I know a lot of lawyers. I’ve always known a lot of lawyers. And when I was trying to figure out what to do with my life, a lot of lawyers said to me, “Meredith, you’d make a great lawyer.” So I thought about it. In college I took a constitutional law class, for undergrads but taught by a law school professor with the law school casebook. It was a fascinating class and the hardest-earned A-minus I ever got. At the end of it I knew for certain that I did not want to be a lawyer.
I decided that I did not want to live my life entombed in paper, surrounded by piles of files and giant heavy law books. I didn’t want to spend my working hours painstakingly picking through page after page of dull legalese and dense contractese and other uninteresting -eses (all in tiny print, of course) to find the one phrase, or sometimes the one word, that the whole case was hanging on. I didn’t want to put the results of my research into bland but thorough letters to send to other lawyers or bureaucrats in an attempt to get them to do things. None of that sounds like fun.
Guess what I did all afternoon. I sat at my desk, surrounded by piles of files and the consular officer’s bible – Bender’s Immigration and Nationality Act Pamphlet. It’s 1900 pages long. I spent my working hours painstakingly picking through page after page of dull legalese like:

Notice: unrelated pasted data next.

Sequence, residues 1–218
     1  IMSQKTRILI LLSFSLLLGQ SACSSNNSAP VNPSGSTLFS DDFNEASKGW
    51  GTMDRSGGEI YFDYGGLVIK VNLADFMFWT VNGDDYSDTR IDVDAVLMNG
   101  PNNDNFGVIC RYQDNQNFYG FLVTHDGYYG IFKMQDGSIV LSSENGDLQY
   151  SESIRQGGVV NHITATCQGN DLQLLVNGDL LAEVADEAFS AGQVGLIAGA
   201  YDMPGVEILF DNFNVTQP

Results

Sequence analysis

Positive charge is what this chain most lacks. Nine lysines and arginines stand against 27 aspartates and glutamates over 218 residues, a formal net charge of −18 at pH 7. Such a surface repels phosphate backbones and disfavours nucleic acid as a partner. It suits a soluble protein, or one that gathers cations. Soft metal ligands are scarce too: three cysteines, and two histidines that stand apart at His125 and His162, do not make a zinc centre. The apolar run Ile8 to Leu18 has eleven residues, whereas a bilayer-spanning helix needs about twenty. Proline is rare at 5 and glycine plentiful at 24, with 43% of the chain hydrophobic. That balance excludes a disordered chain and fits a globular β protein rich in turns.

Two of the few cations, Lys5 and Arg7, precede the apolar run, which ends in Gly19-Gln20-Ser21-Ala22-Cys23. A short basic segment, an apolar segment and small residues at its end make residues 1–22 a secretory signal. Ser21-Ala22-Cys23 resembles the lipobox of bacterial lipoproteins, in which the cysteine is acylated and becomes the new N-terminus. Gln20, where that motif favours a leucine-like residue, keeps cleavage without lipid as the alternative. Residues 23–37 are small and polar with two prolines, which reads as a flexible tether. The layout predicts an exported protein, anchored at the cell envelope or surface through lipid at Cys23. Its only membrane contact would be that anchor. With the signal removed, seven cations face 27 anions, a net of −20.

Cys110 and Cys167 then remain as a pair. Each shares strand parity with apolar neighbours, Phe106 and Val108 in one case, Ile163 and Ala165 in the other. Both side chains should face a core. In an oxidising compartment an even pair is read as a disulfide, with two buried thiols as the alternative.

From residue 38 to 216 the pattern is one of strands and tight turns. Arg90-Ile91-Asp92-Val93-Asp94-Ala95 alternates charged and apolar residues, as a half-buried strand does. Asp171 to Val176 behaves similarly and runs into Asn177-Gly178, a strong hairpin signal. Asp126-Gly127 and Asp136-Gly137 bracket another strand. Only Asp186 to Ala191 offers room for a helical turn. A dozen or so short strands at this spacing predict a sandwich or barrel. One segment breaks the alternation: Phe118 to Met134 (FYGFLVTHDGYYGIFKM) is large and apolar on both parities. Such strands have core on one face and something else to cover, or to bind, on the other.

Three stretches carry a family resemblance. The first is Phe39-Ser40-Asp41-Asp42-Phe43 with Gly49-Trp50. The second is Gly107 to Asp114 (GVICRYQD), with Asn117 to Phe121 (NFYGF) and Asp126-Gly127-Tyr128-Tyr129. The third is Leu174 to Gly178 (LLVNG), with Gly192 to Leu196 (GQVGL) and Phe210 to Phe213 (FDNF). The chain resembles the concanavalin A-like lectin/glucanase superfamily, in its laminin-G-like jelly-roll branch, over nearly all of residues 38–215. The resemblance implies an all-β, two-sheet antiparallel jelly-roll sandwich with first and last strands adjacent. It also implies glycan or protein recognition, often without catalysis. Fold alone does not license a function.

“A spouse or child (as defined in section 101(b)(1)(A), (B), (C), (D), or (E)) of an eligible alien who is granted asylum under this subsection may, if not otherwise eligible for asylum under this section, be granted the same status as the alien if accompanying, or following to join, such alien.”
to find the one phrase the whole case was hanging on so I could put the results of my research into a bland but thorough letter to send to bureaucrats in an attempt to get them to do things.
Looks like I haven’t escaped the lawyerly life after all. But at least I managed to avoid going $150,000 into debt for the privilege.